Next up is Carie Cardamone from Wheelock College talking about her work building on the the discovery of the Green Peas by Galaxy Zoo volunteers.

So what are the Green Peas? First up their name describes them pretty well because they’re small, round and green. Carie originally wanted to study them because she thought they might be growing super massive black holes, but it turned out instead they have extremely high star formation rate for their relatively small mass. There has been many further studies on these objects so we now know a lot more about them, but one thing we still don’t really know is what galaxy environment they live in. Carie is trying to quantify this but the first problem was that she didn’t have enough Peas! There’s only 80 in the original GZ2 sample but now with the better analysis tools Carie has been able to select 479 candidate Peas. Analysing this sample and comparing it to a sample of well studied luminous red galaxies, the results suggest that peas are less clustered. i.e. the Peas have fewer galaxy neighbours.

We’re now coming towards the end of the meeting (sad times guys) and to remind us all why we’re here and what we talked about, Karen Masters is going to give us a summary of the past couple of days. She’s first pointing out how great we are as a team and the impact the research has had on the galaxy evolution community. Fitting for the 10 year anniversary is that we have 10 published papers with over 100 citations!

Karen has noticed a couple of themes from the past few days that she’s summarised for us. The first is that we have to keep engaging with the Galaxy Zoo community on Talk. The second is that we shouldn’t be afraid of change – let’s not get hung up on how it’s always been done and think about how best to do it now. The third is that galaxy’s are messy and we need to think carefully how we use the classifications. The fourth is that the users will always give you what you ask for – so be careful what you ask! But sometimes you get more than you asked for and end up with a wonderfully collaborative research team!

New paper on active black holes affecting star formation rates!

Good news everyone, another Galaxy Zoo paper was published today! This work was led by yours truly (Hi!) and looks at the impact that the central active black holes (active galactic nuclei; AGN) can have on the shape and star formation of their galaxy. It’s available here on astro-ph: http://arxiv.org/abs/1609.00023 and will soon be published in MNRAS.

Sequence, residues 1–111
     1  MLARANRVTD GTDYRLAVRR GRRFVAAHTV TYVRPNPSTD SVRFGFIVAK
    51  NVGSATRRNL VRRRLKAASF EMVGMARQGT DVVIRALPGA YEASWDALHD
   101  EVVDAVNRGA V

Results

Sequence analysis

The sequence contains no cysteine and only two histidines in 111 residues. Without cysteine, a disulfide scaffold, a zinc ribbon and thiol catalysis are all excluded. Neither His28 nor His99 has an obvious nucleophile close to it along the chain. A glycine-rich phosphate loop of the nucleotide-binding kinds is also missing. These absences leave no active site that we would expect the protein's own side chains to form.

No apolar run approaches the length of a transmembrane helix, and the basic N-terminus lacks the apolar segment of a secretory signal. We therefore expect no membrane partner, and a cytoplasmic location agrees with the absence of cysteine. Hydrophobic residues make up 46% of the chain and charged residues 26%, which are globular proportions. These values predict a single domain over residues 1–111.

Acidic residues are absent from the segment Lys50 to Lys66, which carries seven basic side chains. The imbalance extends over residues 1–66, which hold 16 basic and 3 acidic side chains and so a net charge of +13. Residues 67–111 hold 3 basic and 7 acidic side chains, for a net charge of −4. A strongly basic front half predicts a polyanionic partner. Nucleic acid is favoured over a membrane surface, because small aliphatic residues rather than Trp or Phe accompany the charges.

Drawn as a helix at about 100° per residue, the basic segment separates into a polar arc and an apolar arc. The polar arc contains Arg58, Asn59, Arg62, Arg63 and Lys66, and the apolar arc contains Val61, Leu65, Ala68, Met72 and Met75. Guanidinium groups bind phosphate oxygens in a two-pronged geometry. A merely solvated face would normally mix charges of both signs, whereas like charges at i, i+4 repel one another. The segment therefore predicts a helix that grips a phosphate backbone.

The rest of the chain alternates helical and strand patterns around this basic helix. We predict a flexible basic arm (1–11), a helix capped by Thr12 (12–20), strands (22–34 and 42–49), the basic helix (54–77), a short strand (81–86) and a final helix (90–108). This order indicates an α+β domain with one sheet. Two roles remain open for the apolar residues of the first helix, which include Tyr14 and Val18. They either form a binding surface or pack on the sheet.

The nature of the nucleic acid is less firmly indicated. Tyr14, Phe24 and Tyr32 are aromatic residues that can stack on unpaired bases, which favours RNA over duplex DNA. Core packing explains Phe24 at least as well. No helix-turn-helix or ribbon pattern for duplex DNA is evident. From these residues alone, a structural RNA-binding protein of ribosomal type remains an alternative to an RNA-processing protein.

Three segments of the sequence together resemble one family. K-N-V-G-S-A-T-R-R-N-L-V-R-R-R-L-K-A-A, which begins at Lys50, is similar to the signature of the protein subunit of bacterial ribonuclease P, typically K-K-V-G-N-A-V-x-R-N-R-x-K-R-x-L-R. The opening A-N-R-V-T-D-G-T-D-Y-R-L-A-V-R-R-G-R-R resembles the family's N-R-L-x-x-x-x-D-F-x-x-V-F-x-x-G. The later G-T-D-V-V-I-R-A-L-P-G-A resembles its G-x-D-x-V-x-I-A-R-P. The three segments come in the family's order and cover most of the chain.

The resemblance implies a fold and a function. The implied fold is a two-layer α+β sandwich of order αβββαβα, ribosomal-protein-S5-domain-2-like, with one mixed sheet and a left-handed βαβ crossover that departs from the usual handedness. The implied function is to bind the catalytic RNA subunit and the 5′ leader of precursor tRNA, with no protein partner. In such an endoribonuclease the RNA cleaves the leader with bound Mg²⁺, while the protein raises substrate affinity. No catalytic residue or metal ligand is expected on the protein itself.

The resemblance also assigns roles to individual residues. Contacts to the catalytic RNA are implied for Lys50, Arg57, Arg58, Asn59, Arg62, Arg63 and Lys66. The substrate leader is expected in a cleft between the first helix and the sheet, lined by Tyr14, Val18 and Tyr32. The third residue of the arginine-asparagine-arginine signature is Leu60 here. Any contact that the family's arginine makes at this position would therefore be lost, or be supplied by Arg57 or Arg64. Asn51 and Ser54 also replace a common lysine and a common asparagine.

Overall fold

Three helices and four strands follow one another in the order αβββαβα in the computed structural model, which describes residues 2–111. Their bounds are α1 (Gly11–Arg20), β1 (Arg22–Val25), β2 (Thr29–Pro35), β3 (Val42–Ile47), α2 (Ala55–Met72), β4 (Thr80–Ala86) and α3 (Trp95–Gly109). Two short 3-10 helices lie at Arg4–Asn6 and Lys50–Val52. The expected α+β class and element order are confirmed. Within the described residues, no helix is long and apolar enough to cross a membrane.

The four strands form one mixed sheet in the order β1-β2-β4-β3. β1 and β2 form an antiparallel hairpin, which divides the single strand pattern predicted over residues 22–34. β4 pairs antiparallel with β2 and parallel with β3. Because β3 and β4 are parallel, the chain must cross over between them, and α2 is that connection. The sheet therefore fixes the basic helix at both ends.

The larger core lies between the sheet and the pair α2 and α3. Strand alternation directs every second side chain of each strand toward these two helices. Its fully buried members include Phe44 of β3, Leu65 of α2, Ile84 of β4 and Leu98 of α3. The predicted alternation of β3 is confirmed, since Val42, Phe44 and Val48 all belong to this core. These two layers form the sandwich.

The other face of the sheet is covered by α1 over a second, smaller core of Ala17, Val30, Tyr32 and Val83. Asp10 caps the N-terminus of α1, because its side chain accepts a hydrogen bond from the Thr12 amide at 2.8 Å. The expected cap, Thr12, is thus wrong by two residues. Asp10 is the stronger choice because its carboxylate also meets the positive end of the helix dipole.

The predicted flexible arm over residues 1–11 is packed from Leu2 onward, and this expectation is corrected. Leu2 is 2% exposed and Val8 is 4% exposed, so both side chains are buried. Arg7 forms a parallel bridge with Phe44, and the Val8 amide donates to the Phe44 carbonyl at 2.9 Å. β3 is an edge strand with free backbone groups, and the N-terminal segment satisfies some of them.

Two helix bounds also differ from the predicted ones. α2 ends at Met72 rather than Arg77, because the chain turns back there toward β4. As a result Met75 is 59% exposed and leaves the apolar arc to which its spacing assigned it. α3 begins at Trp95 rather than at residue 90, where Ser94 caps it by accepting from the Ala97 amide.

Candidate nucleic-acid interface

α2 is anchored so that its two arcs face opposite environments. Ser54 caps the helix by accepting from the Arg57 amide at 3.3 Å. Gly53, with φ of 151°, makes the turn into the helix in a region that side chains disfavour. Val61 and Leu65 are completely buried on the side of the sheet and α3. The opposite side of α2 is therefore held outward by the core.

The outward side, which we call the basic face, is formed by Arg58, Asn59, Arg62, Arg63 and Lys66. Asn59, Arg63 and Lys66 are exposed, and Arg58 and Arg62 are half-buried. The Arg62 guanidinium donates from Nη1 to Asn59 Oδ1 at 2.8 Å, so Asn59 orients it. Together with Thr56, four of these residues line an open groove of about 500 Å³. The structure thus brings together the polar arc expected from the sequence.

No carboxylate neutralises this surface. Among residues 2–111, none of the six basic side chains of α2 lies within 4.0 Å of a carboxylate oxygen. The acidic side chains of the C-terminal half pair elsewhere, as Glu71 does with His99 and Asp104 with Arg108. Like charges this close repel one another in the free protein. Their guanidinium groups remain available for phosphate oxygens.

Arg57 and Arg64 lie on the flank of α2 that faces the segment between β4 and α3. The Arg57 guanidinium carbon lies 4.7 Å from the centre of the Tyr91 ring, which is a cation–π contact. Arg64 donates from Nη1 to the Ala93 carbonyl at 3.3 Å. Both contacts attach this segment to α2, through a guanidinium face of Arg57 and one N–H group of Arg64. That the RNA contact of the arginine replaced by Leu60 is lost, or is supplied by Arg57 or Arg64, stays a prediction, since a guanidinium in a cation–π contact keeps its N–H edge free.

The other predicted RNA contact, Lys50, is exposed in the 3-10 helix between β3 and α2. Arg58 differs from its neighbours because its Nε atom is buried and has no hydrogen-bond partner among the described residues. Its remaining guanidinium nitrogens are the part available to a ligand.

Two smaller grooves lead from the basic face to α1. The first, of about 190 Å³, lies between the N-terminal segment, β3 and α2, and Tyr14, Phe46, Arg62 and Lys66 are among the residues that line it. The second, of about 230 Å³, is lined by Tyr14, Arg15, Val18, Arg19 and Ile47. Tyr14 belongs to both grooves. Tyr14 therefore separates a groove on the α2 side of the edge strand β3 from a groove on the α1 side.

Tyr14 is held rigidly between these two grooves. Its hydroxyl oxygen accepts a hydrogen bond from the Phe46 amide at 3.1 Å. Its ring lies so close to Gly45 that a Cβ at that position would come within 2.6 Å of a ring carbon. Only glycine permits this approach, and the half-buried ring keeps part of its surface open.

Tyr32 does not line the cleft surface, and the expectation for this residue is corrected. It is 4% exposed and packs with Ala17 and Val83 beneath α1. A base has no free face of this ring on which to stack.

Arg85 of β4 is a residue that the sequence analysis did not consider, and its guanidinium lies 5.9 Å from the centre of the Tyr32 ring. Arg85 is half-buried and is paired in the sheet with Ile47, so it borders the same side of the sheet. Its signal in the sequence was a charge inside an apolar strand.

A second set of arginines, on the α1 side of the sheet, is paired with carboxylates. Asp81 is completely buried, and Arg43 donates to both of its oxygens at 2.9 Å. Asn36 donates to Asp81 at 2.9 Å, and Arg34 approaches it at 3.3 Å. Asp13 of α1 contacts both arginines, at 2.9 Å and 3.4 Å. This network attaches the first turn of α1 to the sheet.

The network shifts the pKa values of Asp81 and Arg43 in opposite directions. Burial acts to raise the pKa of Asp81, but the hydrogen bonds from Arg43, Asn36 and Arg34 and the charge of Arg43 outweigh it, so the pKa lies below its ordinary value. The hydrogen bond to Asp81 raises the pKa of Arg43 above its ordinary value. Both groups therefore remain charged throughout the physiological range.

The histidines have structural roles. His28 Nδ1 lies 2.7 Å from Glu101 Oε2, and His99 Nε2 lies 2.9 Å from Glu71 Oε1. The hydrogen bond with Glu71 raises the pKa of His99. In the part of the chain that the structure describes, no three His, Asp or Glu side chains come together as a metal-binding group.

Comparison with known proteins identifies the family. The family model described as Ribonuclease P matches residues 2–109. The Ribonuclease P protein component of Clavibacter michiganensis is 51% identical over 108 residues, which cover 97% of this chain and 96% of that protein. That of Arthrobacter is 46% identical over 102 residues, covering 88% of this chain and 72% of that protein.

Turns out, despite the fact that these supermassive black holes are TINY in comparison to their galaxy (300 light years across as opposed to 100,000 light years!) we see that within a population of these AGN galaxies the star formation rates have been recently and rapidly decreased. In a control sample of galaxies that don’t currently have an AGN in their centre, we don’t see the same thing happening. This phenomenon has been seen before in individual galaxies and predicted by simulations but this is the first time its been statistically shown to be happening within a large population. It’s tempting to say then that it’s the AGN that is directly causing this drop in the star formation rate (maybe because the energy thrown out by the active black hole blasts out or heats the gas needed to fuel star formation) but with the data we have we can’t say for definite if the AGN are the cause. It could be that this drop in star formation is being caused by another means entirely, which also coincidentally turns on an AGN in a galaxy.

fig1

A random sample of galaxies which host a central active black hole used in this work. The disc vote fraction classification from Galaxy Zoo 2 is shown for each image. Images from SDSS.

These galaxies were also all classified by our wonderful volunteers in Galaxy Zoo 2 which meant that we could also look whether this drop in the star formation rate was dependent on the morphology of the galaxy; turns out not so much! If the drop in the star formation rate is being caused directly by the AGN (and remember we still can’t say for sure!) then the central black hole of a galaxy doesn’t care what shape galaxy it’s in. An AGN will affect all galaxies, regardless of morphology, just the same.

 

 

A perfect woollen gift for the SEVENTH anniversary

In the UK on a seventh anniversary the traditional gift is one made of wool. So considering it’s the SEVENTH anniversary of Galaxy Zoo TODAY (July 11th) our very own, super talented Karen Masters has knitted us the Galaxy Zoo logo!

knittedlogo

If you feel like getting your astronomical knit on for this momentous occasion, here’s a few inspirational photo’s.

Karen also knitted our favourite Penguin Galaxy as a birthday present for the lovely Alice :

 

knittedpenguin

And check out the skills of Jen Greaves and the NAM Knitters who knitted a WHOLE GALAXY CLUSTER at this year’s National Astronomy Meeting in Portsmouth:

knittedcluster

 

For those of you itching to stretch your creative muscles but haven’t been struck by that bolt of inspiration yet, here’s a KNITTING PATTERN (a first I believe for the Galaxy Zoo blog) for the Galaxy Zoo logo to keep you busy…

KnittedGalaxyZooLogo

Our SEVEN Favourites

To honour the SEVENTH anniversary of Galaxy Zoo (July 11th) we’ve put together a gallery of the Science Team’s favourite images from the site (and why) for your visual pleasure…

Chris’s favourite: I love the flocculent spiral galaxies. The ones you can stare at and still have no idea how many spiral arms they have.

flocc

Karen’s favourite: I’m a sucker for merging galaxies, despite the fact that I work on barred galaxies mainly! This one which looks like the yin-yang symbol (or maybe a heart) is a particular favourite. It’s amazing that the Universe can be so vast that we can find galaxies in so many different shapes. 

heart

 

Kevin’s favourite: The penguin galaxy shows the power of human pattern recognition – and a crucial stage in galaxy evolution!

Penguin

Brooke’s favourite: when the latest Galaxy Zoo launched, the volunteers made a find almost right away that turned out to be a very rare kind of object called a gravitational lens. I love this image because it shows not just the variety of things that are out there in the Universe — in this case the very distant universe — but also the rare place that Galaxy Zoo itself occupies. It’s a diverse community and diverse images like this are part of the reason why.